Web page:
Compound 1a was prepared by modifications of the reported procedures for the key intermediates TGX-066 (6)23,24 and 823 (Scheme 1). Firstly, bis(2,4,6,-trichlorophenyl) malonate40 was used instead of either malonyl dichloride23 or diethyl malonate24 in the initial step with 4, resulting in a cleaner product in much higher yield than that reported with diethyl malonate.24 Secondly, Pd(OAc)2/BINAP catalyst was used in the Heck coupling step, instead of PdCl2(dppf),22 with a significant improvement in yield (83% vs 39%). Subsequent methylation of 1a with sodium hydride and methyl iodide gave the NMe analogue 9, for evaluation of the importance of the NH group on enzyme interactions.

To determine the effect of ligand flexibility on p110β selectivity, a series of compounds that contained an amide bond was first investigated (Scheme 2). The key acid 13 was prepared from ethyl 2-aminonicotinate (10)41 by ring closure with bis(2,4,6-trichlorophenyl) malonate, for which tetrahydrofuran proved the best solvent, affording the pyrido[1,2-a]pyrimidinone 11 without polymeric byproducts. Mesylation of 11 and displacement with morpholine gave 12, which was hydrolysed with lithium hydroxide in ethanol to give the desired acid 13.
Close analogues of 1 were prepared by activation of acid 13 with 1,1´-carbonyldiimidazole (CDI) and reduction with sodium borohydride to give alcohol 14, which was converted to

bromide 15 with phosphorus tribromide. Reaction of 15 with anilines under standard conditions was unsuccessful, but was successful under microwave heating in a microwave reactor with NaI catalyst at 120 ºC for 10 min, to give compounds 17-21 (Scheme 2).42 Compounds were also accessed by reductive amination.43 Oxidation of alcohol 14 with MnO2 gave aldehyde 16, which was reacted with sodium cyanoborohydride and 4-chloro- or 4- methoxyaniline and acetic acid in methanol, to give compounds 22 and 23 respectively.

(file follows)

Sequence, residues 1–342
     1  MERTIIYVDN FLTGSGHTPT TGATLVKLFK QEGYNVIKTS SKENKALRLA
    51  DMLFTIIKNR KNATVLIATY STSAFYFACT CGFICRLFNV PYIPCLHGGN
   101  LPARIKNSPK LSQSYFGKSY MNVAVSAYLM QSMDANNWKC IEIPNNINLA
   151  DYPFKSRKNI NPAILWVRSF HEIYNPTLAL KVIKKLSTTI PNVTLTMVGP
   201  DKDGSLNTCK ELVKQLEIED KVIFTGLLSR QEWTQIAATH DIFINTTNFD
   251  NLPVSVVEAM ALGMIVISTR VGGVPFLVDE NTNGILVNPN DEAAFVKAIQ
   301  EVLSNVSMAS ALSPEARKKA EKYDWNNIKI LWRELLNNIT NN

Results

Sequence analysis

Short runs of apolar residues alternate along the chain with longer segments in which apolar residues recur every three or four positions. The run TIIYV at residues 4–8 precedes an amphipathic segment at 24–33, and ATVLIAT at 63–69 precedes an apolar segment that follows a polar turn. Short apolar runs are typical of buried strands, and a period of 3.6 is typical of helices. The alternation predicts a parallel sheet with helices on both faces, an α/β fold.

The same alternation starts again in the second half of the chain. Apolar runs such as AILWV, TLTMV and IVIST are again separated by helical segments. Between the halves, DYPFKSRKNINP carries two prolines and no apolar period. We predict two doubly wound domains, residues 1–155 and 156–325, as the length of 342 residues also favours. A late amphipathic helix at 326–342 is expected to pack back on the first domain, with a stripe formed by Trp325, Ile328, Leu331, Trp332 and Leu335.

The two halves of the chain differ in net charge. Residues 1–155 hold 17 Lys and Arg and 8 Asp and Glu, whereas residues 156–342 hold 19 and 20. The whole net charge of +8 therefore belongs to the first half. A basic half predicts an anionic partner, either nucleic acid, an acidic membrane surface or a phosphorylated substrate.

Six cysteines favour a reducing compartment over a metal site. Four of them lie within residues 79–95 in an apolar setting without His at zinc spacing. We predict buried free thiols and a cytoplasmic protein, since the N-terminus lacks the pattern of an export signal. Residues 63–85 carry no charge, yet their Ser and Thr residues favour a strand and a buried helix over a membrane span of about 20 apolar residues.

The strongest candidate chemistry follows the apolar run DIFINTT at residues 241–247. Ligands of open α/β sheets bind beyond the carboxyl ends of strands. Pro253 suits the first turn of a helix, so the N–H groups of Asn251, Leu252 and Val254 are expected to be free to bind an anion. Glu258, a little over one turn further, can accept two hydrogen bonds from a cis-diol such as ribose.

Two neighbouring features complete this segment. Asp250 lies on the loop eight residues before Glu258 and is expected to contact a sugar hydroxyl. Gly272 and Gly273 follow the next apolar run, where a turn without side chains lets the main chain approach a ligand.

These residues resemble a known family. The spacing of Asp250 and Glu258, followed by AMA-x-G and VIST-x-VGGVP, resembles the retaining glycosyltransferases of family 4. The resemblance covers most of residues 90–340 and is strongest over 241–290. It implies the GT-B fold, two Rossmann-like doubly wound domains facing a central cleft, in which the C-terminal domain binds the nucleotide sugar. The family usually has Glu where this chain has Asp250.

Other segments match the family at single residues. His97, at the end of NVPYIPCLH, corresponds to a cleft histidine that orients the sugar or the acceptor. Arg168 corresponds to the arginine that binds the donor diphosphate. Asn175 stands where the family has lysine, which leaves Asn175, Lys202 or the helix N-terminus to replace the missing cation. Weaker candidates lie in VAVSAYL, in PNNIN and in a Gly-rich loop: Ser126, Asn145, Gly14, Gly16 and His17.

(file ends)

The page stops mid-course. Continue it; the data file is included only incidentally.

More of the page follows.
Several other compounds bearing side chains off the C-9 carbon were also prepared from bromide 15 (Scheme 3). Reaction with the known Boc-protected 4-methyl benzenesulfonamide,44 in refluxing acetonitrile with potassium carbonate, followed by deprotection with trifluoroacetic acid, gave sulfonamide 24. Similar reaction of 15 with the sodium salts of phenylsulfinic acid and thiophenol gave the sulfone 25 and sulfide 26 respectively. Finally, the substituted benzyl ethers 27-30 were prepared by reaction of 15 with the appropriate substituted phenols with sodium hydride in tetrahydrofuran.

The Buchwald-Hartwig coupling of 6 with a variety of substituted anilines was unsuccessful using Pd(OAc)2 and potassium tert-butoxide or cesium carbonate, even with the most rigorous drying, presumably due the poor nucleophilicity of the anilines (Scheme 4).
Compounds 31, 33-36 were finally prepared in low to moderate yields (4–50%), using the highly activated catalyst system Pd(OAc)2/BINAP in the presence of potassium tert-butoxide in refluxing dioxane (Scheme 4), after separation from varying amounts of the undesired des- bromo byproduct compound. Compound 32 was prepared by methylation of compound 31.The benzylamine analogues 37-45, including the known enantiomers 44 and 45,22 were prepared similarly to the aniline analogues in isolated yields of about 10%, after separation of closely-eluting impurities by recrystallization from diisopropyl ether.

The substituted phenylcarboxamides 48-51 and 52-54 were prepared by activating acid 13 with diethyl cyanophosphonate (DEPC) in dimethylformamide using 2,6-lutidine as base, and coupling with the required amines (Scheme 5). Acid 13 was also converted to the amine 47 by a modified Curtius rearrangement, via the carbamate 46, followed by deprotection with neat trifluoroacetic acid. Reaction of 47 with aryl acid chlorides gave amides 55-58 (Scheme 5). Sulfonamide 59 was similarly obtained by reaction of 47 with benzenesulfonyl chloride in pyridine, and urea 60 by reaction of 47 with phenyl isocyanate. Carbamate 61 was prepared

by the reaction of phenyl chloroformate with 47 in dioxane without base (to avoid bis- acylation).

⦁ Enzyme and Cellular Data